Commercial Observer has released its list of the top 50 most important figures of commercial real estate for 2017 including David Schonbraun, Dan Thomas, Richard Smith and Andrew Farkas, among others. With a few notable exceptions, this list is composed of the same players who populated the 2016 list. Among that number, there has of course, been a fair amount of shuffling in the pecking order as fortunes have risen, and fallen. The very top of the list is dominated by Top 50 List veterans. The top three spots are all held by men who were in the top ten in the previous year.

The number one spot on the list has gone to Raymond Qiao, the Chief Lending Officer at The Bank of China. Last year, Raymond Qiao was ranked number three. This year The Bank of China has originated $4.5 Billion in commercial real estate loans. They have kept their lending in gateway markets, focusing on transactions backed by income producing properties. They have been more conservative in the construction market, opting to focus on infill development in densely populated areas.

The number two spot on the list has gone to Alan Wiener, Group Head of Wells Fargo Family Capital. Last year, Alan Wiener was ranked number one on this list. This year the company originated $15 billion in debt which is similar to their 2015 number. The company started the year with two major deals, a $2.6 billion loan for Starwood Capital Group’s acquisition of a national multifamily portfolio, and the origination of a $500 million credit facility to Yes! Communities. The rest of Wells Fargo’s business was mostly in refinancing for low income senior housing. In the future, potential tax reform could affect the affordable housing market, but Wells Fargo will remain committed to financing all types of housing.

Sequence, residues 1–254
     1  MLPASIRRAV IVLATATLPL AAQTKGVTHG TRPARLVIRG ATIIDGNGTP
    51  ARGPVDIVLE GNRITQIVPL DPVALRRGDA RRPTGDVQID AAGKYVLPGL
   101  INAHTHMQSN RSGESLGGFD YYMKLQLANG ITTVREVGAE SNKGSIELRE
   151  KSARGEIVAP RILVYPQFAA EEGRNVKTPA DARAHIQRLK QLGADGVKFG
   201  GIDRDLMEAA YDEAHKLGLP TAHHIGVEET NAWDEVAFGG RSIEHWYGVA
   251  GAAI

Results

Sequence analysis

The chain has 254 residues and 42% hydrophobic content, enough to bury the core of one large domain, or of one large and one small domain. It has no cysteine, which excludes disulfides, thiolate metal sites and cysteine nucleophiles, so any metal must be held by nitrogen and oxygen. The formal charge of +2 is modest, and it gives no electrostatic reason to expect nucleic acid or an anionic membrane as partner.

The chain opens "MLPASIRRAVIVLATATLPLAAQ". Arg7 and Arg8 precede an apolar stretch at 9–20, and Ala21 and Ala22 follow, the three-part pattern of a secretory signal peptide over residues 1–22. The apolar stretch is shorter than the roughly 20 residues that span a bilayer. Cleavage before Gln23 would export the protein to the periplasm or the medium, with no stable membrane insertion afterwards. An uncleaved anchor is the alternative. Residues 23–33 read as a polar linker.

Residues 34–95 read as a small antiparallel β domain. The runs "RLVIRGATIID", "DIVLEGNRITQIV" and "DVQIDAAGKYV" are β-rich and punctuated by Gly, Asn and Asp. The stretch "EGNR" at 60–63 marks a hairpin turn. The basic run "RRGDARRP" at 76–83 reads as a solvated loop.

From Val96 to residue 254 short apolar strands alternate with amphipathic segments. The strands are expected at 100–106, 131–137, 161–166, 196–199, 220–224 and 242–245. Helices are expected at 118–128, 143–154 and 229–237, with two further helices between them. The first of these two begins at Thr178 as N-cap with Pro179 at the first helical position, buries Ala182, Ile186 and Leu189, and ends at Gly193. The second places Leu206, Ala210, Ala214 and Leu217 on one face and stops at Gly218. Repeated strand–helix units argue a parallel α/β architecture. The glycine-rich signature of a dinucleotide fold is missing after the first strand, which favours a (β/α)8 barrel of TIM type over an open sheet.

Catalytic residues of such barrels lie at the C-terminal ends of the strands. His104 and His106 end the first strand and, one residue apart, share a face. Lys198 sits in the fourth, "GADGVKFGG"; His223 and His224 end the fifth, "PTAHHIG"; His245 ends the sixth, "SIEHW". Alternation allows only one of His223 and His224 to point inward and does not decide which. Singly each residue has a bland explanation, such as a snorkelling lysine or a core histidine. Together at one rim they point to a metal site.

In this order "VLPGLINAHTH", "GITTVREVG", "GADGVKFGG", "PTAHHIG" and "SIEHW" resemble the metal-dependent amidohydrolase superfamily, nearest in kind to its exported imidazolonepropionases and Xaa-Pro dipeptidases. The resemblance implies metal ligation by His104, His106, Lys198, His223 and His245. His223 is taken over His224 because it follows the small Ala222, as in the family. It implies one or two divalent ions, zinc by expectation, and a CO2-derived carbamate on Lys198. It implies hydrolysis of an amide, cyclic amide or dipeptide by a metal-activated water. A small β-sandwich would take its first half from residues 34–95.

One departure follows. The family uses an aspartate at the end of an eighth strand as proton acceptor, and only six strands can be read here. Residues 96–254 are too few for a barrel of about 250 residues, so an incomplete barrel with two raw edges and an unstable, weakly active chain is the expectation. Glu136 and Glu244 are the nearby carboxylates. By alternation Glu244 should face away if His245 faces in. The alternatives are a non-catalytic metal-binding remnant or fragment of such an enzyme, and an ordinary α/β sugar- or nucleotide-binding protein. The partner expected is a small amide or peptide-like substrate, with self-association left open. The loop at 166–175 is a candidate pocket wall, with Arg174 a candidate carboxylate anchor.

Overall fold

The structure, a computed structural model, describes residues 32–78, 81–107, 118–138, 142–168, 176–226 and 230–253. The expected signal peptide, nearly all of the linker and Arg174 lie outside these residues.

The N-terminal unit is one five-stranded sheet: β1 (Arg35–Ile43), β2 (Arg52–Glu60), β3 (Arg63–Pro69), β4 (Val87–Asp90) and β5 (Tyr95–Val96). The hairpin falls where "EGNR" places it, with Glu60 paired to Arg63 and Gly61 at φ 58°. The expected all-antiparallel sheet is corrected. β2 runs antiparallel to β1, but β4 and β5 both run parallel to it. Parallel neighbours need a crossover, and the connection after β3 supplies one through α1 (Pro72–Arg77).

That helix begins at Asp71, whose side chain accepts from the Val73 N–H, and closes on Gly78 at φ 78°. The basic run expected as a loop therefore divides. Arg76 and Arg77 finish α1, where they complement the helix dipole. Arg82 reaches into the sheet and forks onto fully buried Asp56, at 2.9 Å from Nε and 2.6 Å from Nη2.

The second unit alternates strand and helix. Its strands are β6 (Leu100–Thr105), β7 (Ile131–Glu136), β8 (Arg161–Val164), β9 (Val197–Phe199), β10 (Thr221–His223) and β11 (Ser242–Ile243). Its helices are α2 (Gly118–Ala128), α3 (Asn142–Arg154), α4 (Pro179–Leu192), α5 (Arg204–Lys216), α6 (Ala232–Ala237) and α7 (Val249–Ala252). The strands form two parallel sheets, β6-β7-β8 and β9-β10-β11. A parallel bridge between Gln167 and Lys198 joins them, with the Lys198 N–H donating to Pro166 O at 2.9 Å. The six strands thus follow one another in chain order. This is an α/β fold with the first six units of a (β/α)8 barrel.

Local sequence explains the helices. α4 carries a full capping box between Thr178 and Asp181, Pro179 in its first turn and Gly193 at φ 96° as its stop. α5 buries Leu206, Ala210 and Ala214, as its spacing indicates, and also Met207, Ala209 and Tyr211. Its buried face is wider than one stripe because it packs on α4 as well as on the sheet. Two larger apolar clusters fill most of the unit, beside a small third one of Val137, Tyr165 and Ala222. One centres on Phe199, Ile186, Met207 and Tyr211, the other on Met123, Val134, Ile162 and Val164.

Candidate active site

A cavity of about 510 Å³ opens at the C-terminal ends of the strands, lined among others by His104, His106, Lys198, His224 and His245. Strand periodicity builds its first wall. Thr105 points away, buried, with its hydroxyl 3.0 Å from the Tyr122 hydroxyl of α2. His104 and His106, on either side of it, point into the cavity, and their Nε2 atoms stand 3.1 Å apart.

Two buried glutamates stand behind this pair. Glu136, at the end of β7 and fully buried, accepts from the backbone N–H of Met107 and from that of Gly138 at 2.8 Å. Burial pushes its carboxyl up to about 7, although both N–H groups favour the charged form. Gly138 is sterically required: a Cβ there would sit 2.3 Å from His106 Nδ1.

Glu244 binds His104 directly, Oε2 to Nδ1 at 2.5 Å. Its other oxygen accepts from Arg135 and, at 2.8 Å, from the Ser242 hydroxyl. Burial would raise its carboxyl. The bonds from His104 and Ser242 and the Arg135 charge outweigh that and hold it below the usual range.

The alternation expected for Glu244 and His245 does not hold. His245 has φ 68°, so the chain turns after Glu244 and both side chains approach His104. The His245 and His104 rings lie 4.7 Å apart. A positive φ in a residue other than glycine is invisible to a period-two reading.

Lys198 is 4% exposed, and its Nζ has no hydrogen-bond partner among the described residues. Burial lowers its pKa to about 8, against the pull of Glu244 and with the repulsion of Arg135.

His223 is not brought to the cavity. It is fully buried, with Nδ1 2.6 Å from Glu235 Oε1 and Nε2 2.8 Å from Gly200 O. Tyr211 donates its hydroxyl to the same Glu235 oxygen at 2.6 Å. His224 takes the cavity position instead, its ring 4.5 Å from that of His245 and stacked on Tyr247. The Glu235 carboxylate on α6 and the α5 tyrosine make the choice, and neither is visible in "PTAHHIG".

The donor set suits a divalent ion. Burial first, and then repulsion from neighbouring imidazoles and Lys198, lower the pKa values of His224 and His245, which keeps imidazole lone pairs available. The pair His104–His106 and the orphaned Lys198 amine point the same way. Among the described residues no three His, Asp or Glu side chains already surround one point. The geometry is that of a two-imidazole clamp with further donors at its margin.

The number three spot on the list has gone to Matt Borstein and Ed Adler, Head of Global Commercial Real Estate, and Head of U.S Origination at Deutsche Bank. Last year Borstein and Adler were ranked number nine in the Top 50 List. Despite massive restructuring, and allegations that Deutsche Bank misled investors in residential mortgage-backed securities in 2006-2007, the company had a year full of impressive billion dollar deals. They made a jump back into construction lending, after staying away for 18 months. This return included a $650 million deal for Extel Development.